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Prospect Watch: Alex Gordon

The Kansas City Royals have a very interesting player currently learning how to play left field for their AAA affiliate in Omaha. At 26, he might be a little old for the league, but there’s no denying his production. Alex Gordon, the Royals former third baseman, has put together a .377/.515/.688 line in about 100 plate appearances with the O-Royals.

We’ve already chronicled the demotion of Alex Gordon to AAA early this season. It seemed ridiculous at the time – Gordon was clearly deserving of a spot on the roster, as he is just simply better than both Chris Getz, and Alberto Callaspo‘s defense is extremely suspect. Apparently the Royals felt that they weren’t going to contend this season and that their best course of action, for the long term, would be to try Alex Gordon in left field and let Callaspo’s bat play at third. It is almost certainly better for Gordon to be receiving the at bats that he has at AAA than to be stagnating on the Royals’ bench at the Major League level, but the Royals almost certainly cost themselves some wins on the season.

As we look at the standings, the Royals are pretty clearly finished. They sit at 19-28, 7.5 games behind the Twins for the Central and 9.5 behind the Yankees for the Wild Card. Given the talent disparity between the Royals and those two teams, we can safely say the Royals will not catch them. Still, there is reason to believe that winning now is valuable, and so the Royals should try and make the most of their current season while building for the long term.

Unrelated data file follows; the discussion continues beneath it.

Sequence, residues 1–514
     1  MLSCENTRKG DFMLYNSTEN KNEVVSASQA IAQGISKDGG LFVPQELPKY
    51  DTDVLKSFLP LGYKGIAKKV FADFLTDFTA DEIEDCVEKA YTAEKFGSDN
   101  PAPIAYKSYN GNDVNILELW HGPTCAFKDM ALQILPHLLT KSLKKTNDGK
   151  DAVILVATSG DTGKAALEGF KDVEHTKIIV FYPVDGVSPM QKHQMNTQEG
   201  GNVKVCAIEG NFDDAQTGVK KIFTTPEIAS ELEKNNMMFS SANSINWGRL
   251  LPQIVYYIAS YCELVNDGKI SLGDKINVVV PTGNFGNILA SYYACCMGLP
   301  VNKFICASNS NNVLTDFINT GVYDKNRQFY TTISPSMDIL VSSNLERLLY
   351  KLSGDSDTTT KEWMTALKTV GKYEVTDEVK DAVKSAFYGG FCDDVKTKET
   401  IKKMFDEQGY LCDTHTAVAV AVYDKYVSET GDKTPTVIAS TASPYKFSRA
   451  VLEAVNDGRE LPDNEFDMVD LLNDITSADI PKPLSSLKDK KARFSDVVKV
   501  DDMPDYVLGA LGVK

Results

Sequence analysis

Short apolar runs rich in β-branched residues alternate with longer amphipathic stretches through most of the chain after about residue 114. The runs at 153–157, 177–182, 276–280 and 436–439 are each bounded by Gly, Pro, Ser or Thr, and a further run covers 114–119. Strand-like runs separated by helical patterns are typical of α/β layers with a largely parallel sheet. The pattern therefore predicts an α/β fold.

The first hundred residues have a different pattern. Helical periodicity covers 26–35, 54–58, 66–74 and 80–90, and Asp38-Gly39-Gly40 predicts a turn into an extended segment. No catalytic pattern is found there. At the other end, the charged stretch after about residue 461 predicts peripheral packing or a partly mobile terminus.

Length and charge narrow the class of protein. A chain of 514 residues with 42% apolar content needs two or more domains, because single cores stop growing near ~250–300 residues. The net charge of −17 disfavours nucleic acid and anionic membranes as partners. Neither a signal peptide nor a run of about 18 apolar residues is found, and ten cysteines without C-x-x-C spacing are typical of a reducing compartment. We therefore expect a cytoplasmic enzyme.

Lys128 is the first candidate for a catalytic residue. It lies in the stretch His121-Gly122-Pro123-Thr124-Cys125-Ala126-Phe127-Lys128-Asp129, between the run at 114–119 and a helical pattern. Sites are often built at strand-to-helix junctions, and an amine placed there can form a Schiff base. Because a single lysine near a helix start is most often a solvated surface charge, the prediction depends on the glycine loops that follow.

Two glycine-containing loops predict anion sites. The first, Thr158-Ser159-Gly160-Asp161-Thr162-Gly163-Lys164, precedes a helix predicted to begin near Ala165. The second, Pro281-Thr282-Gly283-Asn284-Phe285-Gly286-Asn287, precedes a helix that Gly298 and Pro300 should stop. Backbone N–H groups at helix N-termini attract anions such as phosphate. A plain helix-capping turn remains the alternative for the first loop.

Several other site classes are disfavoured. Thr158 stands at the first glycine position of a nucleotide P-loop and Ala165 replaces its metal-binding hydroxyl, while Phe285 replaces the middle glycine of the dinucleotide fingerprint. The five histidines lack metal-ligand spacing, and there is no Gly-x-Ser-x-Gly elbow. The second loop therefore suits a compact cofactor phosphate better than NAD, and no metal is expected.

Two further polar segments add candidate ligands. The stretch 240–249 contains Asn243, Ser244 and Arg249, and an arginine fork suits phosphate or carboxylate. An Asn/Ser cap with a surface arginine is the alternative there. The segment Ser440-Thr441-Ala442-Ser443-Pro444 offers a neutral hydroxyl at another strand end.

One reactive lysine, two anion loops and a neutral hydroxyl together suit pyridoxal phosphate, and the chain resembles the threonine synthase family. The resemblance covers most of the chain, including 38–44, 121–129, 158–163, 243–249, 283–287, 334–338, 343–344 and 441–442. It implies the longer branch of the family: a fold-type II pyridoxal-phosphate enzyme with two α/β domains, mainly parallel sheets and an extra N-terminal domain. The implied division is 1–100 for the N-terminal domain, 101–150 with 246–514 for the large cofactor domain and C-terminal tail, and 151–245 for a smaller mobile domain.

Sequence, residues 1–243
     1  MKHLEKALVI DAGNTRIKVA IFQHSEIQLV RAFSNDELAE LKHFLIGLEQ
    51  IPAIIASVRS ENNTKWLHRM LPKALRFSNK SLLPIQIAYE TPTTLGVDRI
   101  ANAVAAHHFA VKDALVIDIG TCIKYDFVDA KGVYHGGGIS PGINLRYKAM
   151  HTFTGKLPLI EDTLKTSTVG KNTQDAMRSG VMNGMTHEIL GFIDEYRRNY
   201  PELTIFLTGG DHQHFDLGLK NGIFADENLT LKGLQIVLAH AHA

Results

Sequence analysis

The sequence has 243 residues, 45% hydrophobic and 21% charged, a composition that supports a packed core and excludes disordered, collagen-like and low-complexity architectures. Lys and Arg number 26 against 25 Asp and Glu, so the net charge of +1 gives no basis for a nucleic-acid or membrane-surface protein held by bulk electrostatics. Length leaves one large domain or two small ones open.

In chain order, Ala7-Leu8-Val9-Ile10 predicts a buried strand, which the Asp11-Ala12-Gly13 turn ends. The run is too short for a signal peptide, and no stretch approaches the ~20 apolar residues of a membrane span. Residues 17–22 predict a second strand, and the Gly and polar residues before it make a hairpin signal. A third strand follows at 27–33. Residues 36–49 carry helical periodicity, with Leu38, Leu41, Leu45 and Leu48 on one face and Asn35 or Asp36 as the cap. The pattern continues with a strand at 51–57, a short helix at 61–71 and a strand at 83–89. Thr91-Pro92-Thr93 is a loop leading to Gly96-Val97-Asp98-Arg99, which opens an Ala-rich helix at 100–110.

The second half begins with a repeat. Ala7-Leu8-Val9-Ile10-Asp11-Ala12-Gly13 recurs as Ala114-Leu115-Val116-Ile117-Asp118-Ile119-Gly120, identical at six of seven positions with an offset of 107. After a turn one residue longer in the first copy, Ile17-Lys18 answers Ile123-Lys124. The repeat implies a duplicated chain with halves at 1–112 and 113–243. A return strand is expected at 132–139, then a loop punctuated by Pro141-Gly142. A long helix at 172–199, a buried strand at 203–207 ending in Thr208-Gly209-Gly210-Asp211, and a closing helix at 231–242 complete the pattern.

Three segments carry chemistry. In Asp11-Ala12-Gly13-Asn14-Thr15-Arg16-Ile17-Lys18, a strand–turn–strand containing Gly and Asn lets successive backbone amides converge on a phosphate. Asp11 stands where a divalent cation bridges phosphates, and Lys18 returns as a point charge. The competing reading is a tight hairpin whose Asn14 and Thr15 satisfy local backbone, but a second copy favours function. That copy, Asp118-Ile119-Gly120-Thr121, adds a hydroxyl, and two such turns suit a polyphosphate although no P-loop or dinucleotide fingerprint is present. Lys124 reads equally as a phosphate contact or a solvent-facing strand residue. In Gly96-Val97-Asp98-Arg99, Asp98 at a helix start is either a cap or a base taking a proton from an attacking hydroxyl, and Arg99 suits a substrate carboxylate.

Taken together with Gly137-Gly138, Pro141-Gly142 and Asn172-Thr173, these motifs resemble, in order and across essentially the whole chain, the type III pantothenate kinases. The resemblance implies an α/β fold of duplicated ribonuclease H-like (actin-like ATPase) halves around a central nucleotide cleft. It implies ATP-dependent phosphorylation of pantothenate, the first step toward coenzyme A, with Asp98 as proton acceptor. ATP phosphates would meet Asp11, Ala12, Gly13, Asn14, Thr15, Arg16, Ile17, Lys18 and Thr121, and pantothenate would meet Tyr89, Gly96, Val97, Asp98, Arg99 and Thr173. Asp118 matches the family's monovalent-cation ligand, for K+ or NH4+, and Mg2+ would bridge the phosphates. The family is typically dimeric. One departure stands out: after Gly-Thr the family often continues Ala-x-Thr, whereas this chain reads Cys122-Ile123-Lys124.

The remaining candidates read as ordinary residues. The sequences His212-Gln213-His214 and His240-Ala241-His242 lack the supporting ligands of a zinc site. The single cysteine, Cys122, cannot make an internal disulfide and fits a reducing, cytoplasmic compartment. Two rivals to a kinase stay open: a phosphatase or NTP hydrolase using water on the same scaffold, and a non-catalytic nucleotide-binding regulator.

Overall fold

They have the perfect player to bring up to the major leagues right now in Gordon. Learning left field clearly hasn’t impacted his offense in the minor leagues. Scott Podsednik has a .234/.281/.328 line in May. Mitch Maier and Rick Ankiel have wOBAs below .320. Willie Bloomquist has played well so far, but he’s Willie Bloomquist. The only truly talented player in the Royals’ outfield right now is David DeJesus, and he’s a 3-4 WAR player at best.

The Royals should have room in their outfield. Podsednik, Bloomquist, Maier, and Ankiel are all expendable players, and DeJesus could bring in some prospects in a potential trade. Alex Gordon does not have anything left to learn in the minors – if there are still any kinks in his outfield defense, he can work them out in the majors. Gordon was a good enough player to make the roster in April. At the plate, he has nothing left to learn in the minors. There’s no excuse if he’s not back in Kansas City by June.